I enjoyed how the rabbits had their own mythology and stories. There are several segues into these tales and they were instructive and imaginative. While there were few female characters, probably because they came into the story late, they are considered integral in sustaining the new warren.

Ralph Cosham is the voice actor for this audiobook and he did a great job. I really enjoyed listening to his voice – an even cadence and smooth pronunciation of rabbit names and words.

What I Liked: The bunny myths; Woundwart is a badass; the gull and the whole idea of interspecies cooperation.

What I Disliked: Fiver’s foretelling ability is used to kick the story off and again whenever things are boring; no true, filled out female characters.

Note: This review was originally published on on 02/02/2012 and republished, and reformatted, here with permission of Lady Darkcargo.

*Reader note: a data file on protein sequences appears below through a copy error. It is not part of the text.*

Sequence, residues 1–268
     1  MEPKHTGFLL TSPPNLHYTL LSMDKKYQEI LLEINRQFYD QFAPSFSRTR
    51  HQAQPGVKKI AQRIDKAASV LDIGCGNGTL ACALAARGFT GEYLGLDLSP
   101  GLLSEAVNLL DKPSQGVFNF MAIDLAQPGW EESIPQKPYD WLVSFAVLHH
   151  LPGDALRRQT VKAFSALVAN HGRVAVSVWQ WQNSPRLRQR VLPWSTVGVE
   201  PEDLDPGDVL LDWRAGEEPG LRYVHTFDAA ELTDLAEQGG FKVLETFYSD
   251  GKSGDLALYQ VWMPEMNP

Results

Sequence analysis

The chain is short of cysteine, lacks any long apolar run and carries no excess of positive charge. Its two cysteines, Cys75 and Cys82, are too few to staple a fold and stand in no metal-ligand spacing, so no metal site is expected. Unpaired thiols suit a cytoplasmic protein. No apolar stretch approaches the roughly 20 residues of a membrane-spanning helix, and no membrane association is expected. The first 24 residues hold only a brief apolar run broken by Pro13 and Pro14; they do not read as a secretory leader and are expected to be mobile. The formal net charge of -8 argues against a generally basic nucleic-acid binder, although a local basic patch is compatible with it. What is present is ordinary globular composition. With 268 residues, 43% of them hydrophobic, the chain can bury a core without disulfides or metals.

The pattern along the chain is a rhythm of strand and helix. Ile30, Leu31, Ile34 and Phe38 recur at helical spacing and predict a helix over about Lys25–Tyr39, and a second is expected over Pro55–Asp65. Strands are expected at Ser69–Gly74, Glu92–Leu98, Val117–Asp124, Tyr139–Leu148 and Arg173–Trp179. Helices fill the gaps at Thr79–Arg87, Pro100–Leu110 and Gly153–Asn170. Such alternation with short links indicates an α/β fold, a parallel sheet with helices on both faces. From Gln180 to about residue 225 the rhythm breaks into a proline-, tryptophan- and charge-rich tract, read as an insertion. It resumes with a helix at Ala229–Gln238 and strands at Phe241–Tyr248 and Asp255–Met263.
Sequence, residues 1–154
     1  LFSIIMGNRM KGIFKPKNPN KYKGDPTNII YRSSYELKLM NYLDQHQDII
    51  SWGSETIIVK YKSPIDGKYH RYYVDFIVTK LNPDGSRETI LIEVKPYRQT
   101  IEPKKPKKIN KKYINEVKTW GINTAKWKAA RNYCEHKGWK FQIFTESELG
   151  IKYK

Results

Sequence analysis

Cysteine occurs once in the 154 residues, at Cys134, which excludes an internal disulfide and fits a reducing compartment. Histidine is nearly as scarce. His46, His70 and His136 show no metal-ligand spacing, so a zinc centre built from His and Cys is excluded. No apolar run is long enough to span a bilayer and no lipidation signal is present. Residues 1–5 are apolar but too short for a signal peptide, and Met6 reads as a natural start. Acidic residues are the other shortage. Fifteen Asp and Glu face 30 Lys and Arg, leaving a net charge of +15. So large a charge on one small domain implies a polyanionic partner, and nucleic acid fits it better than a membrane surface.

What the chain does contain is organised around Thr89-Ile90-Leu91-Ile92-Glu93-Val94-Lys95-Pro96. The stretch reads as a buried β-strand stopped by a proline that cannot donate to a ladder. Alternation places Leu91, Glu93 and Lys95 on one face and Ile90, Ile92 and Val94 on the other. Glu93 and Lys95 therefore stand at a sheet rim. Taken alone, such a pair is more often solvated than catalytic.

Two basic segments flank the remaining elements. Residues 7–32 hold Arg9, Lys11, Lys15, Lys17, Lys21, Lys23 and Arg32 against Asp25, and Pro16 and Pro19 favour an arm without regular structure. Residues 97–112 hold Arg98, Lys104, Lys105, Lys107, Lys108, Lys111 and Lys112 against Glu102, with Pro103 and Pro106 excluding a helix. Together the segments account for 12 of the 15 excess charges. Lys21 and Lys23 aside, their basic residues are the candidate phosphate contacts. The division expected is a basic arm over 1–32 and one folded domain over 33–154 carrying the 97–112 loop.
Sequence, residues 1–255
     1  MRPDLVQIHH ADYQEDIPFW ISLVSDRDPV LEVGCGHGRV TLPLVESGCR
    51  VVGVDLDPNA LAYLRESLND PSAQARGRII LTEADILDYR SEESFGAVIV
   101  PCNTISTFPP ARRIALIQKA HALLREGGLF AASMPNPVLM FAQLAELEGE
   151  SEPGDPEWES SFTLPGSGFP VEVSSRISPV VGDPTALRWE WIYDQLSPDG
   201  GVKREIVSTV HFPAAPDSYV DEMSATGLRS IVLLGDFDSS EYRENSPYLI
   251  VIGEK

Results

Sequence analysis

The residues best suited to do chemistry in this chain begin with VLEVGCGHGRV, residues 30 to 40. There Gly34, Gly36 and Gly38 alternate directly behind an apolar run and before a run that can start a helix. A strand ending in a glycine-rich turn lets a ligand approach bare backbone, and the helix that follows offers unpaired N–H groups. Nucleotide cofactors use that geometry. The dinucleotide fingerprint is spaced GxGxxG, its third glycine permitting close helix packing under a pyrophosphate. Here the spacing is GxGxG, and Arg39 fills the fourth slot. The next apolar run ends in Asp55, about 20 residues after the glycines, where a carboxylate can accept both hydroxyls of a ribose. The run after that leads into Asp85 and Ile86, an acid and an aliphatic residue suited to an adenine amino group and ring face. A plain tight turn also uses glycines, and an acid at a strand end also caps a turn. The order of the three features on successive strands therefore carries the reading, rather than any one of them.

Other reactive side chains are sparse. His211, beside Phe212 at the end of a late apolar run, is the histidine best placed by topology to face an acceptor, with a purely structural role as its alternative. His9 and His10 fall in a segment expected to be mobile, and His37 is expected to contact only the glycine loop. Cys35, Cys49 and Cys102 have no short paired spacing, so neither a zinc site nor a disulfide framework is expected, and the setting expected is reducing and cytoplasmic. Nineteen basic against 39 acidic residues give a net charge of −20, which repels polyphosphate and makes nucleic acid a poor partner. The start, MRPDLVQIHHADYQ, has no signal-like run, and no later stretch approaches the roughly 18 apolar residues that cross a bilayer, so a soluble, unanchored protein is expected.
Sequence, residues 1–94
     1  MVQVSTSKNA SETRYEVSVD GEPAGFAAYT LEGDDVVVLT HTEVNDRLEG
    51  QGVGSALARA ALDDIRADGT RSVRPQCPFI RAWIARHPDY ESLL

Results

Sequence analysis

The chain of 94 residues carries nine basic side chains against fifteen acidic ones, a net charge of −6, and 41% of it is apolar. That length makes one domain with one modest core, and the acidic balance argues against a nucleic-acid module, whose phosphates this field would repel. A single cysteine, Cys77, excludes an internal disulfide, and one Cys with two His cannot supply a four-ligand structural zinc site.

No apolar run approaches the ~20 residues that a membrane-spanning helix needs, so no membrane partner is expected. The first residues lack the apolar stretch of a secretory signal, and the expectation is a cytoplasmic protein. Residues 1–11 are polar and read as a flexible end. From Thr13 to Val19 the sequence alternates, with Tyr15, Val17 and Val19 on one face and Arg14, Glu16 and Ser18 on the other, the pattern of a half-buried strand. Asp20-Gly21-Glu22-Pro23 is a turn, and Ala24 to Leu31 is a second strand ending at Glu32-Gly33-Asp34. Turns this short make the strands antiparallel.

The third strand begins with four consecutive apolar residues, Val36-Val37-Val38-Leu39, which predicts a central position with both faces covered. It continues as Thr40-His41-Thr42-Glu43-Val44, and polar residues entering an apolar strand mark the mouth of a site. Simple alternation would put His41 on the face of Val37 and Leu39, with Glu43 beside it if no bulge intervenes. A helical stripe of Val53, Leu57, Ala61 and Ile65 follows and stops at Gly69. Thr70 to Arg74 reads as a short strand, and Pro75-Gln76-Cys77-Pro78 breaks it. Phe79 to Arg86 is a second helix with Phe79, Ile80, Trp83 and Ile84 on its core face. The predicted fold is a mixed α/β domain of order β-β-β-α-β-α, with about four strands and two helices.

The Fear Principle by B. A. Chepaitis

Why I Read It: Intrigued by mystery set in future with strong female lead.

Where I Got It: From the publisher through Audiobookjukebox (thanks!)

Who I Recommend This To: Dark mystery/psychological thriller enthusiasts.

Narrator: Diane Havens

Publisher: Wildside Press LLC

Length: 8 hours 46 minutes

Series: Book 1 of Jaguar Series

Set in a future where part of our solar system has been successfully populated by humans for generations, Jaguar Adams is a healer of sorts. After the destructive Killing Times on Earth during Jaguar’s childhood, the criminal system and the treatment of the criminal psyche were revamped.  Jaguar and the other Teachers work with hardened criminals on a planetoid orbiting Earth, using a variety of talents and subterfuge to force the criminal to face their principle fear. Time and the plethora of subjects who have undergone this treatment have shown successful rehabilitation of these criminals. Jaguar is already working a case when her boss Alex decides to add a second to her work load – Claire, an assassin embroiled in some political intrigue. However, Nick, a coworker and once trusted friend, wants Claire’s case. The rivalry turns violent and the mystery heats up.